Category | Culture | How to Build a Loyal Restaurant Team

When you can successfully foster employee loyalty, it becomes the gift that just keeps on giving. Turnover lessens, employee happiness skyrockets, and you finally get out of the recruiting and onboarding frenzy.

Loyalty can be the tether that keeps employees grounded during those inevitable rough patches.

Here’s how to build your own loyal restaurant crew.

Become a dream creator.

Coming together around hope for a greater future can be an amazing catalyst for deepened connection and loyalty. Your team needs to be able to envision a future for themselves within the framework of the restaurant. If they can’t envision it, then you need to help them see the possibilities available to them and craft the path to get them there.

  • Help employees establish short- and long-term goals.
  • Regularly discuss advancement opportunities with the team.
  • Target funds and resources for career path and succession planning.
  • Invest in your people by offering personal and professional development training, mentorship and leadership programs, and tuition reimbursement options.
  • Encourage employees to share their successes — everything from enrolling in college to paying off their car loan to earning a supervisory role — and celebrate with them.
  • Tap into technology. Play excerpts from TEDx talks during meetings and share interesting articles, book reviews, and podcasts to inspire and motivate your crew.

Demonstrate the loyalty you crave.

If your employees feel as if they are just a body to fill a space, that you’ll cut them loose willy-nilly, or that you are unfair in your dealings, then they are not going to feel valued, respected, or supported. And without that foundation of basic human trust and respect, loyalty can’t gain a stronghold.

  • Be loyal. Demonstrate the same level of commitment and devotion you expect.
  • Earn employees’ trust by following through on what you say you’ll do. And if can’t for some reason, own up to it.
  • Be fair in your interpretation and application of company policies.
  • Give employees the benefit of the doubt and exhibit grace, kindness, and understanding when things do go awry.
  • Take the time to learn about employees’ interests, both personally and professionally.

Invite employees to be stakeholders.

While I highly recommend that you establish a set of core values along with mission and purpose statements, it’s even more critical that your employees are invested in those initiatives. When they view themselves as stakeholders, they’ll be more committed to seeing things through, especially when the going gets tough.

  • Create both visual and verbal reminders of how employees are contributing to the company mission and purpose.
  • Encourage employee feedback and suggestions. Bring it full circle by also acknowledging, responding to, and thanking them for their insights.
  • Help employees discover their why – why they feel passionate about the life they’re creating and their role in the company.

Sing employee praises.

Your employees thrive on feedback, really and truly. And they need to hear it way more often than once or twice a year during performance reviews.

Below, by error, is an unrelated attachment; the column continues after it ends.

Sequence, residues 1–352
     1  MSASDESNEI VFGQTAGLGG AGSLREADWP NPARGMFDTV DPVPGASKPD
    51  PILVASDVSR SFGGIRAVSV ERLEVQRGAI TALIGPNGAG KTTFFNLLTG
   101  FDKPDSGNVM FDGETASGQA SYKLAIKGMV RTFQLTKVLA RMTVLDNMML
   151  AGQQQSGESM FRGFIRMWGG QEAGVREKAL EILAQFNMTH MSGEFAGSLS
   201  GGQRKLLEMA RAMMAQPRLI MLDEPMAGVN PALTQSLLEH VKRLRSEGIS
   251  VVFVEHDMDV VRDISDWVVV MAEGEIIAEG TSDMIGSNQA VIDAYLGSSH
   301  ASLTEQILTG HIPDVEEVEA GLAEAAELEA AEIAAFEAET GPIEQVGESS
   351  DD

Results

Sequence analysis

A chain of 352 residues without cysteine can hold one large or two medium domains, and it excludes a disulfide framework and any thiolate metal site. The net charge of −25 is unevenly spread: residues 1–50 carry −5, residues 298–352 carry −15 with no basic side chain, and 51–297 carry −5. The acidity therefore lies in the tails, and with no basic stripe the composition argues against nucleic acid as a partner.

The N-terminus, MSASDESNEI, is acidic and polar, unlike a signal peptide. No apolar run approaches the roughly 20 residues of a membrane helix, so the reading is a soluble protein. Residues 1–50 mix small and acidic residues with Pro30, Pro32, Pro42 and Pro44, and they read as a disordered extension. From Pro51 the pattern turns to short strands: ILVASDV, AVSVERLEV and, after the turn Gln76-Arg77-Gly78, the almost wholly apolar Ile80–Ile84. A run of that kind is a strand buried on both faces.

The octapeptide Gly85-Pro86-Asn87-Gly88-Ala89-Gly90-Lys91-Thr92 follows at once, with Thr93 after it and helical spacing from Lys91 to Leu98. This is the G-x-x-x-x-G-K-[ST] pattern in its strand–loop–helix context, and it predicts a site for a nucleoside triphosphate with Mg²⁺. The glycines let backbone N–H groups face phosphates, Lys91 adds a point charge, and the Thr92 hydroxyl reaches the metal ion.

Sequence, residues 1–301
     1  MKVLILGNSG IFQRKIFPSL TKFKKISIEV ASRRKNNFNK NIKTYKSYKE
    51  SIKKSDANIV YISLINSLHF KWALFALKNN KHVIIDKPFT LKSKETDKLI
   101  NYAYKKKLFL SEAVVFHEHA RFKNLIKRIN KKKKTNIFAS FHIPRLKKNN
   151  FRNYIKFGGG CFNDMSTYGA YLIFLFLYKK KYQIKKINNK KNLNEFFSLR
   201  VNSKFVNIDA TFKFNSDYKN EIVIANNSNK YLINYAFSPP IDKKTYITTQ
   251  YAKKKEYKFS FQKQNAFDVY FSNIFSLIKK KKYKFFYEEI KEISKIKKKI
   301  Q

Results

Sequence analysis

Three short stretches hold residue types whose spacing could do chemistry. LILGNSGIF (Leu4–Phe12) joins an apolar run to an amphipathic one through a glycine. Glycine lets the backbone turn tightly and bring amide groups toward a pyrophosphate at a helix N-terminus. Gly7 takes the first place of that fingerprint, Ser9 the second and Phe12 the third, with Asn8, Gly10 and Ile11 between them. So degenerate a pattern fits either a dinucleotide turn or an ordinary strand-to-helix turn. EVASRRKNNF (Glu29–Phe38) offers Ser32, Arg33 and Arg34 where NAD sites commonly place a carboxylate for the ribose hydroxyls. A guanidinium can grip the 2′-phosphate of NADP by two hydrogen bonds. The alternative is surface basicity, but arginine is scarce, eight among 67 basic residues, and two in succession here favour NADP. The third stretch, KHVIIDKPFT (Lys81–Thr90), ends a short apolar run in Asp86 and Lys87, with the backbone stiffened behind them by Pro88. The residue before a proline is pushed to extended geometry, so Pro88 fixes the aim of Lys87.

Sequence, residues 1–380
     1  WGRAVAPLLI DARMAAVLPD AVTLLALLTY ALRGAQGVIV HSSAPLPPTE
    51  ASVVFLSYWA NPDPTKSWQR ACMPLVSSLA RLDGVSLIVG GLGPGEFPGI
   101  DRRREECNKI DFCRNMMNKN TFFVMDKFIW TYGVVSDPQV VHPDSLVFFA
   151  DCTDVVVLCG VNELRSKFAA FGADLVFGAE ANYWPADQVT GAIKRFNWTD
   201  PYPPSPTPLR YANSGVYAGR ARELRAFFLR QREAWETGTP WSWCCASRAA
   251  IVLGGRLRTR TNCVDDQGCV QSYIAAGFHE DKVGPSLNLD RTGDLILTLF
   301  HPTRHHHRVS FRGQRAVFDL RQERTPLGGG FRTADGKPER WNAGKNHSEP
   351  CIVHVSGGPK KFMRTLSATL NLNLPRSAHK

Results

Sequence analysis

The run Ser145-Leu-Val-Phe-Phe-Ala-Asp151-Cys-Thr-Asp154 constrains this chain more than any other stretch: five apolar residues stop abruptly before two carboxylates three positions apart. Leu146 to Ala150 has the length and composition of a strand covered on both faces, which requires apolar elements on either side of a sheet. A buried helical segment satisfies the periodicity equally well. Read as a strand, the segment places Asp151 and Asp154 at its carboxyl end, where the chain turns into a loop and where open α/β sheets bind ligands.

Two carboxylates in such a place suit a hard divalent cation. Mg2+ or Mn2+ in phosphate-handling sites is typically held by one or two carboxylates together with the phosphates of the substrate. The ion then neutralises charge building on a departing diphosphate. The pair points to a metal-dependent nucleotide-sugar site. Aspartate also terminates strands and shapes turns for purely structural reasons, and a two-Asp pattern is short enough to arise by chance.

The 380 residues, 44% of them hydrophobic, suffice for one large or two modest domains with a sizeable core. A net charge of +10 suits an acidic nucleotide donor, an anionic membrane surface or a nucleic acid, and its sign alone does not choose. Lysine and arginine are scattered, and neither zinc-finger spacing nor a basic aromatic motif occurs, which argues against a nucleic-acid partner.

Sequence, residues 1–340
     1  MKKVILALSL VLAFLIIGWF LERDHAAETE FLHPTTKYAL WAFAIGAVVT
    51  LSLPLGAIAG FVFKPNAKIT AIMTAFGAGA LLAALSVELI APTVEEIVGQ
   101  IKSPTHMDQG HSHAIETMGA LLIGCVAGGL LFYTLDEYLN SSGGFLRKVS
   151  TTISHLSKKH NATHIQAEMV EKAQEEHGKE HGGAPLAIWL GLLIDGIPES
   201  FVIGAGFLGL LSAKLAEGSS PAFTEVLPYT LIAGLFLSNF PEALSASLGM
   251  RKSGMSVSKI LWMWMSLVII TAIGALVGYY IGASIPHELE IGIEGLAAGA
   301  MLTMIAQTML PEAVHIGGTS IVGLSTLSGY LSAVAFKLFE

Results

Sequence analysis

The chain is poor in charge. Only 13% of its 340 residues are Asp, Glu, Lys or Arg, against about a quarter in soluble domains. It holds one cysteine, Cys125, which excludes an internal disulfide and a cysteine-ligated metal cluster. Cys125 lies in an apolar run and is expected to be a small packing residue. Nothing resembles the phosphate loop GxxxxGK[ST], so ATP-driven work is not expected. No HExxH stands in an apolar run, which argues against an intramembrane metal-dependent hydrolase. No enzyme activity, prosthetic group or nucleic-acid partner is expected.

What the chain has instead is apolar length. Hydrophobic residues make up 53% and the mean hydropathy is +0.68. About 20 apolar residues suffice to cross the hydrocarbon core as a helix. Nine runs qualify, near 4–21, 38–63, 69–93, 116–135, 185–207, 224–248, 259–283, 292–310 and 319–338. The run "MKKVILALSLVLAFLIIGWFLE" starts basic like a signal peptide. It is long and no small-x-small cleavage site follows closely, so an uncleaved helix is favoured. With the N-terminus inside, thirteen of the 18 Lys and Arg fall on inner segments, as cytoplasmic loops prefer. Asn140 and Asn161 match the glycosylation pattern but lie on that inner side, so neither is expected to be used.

• Aim to offer constructive feedback and words of encouragement daily, both individually and to the team as a whole.
  • Use bulletin boards, email, and even texting to share your personalized messages and touch base with those you don’t see on a frequent basis.
  • Share employee wins at team meetings and throughout the shift as they occur.
  • Assume the proud parent badge of honor and brag a bit to customers about your employees’ accomplishments. Consider sharing your praise on the restaurant’s website and social media accounts too. It’s good for both sides of the counter to hear how much you value your people.

Be the student.

A manager who professes to know everything leaves absolutely zero room for their crew to step in, find their niche, and become top-notch specialists. And since your goal as a leader is to create a team of capable and thriving experts, remaining in a teachable mindset will serve you best.

  • Be willing to be a student and learn from your people — ask them to teach you an aspect of their job or let you in on ways they’ve tweaked a process or procedure. It’s one of the most humbling and endearing things you can do as a manager or business owner.
  • Ask lots of questions about what’s working, what’s not, and what changes they would like to see implemented.
  • Grant your team the autonomy to make each position their own.

COPYRIGHT © Carrie Luxem 2021 All Rights Reserved

IMPORTANT DISCLAIMER: The information on the Carrie Luxem membership platform is not legal advice. The forms, templates, articles, videos, regulations, and all information on the platform is intended to provide general advice and highlights best practices. Federal and state laws, rules, mandates, and regulations are different nationwide amended frequently. We do our best to keep everything updated and current, but it is important that you consult with your HR team, company management, and/or legal counsel before implementing or executing new processes, systems, practices, or policies.

NOTE: All content on the Carrie Luxem membership platform has a ‘revised date’ listed, and this is the date the information was last updated.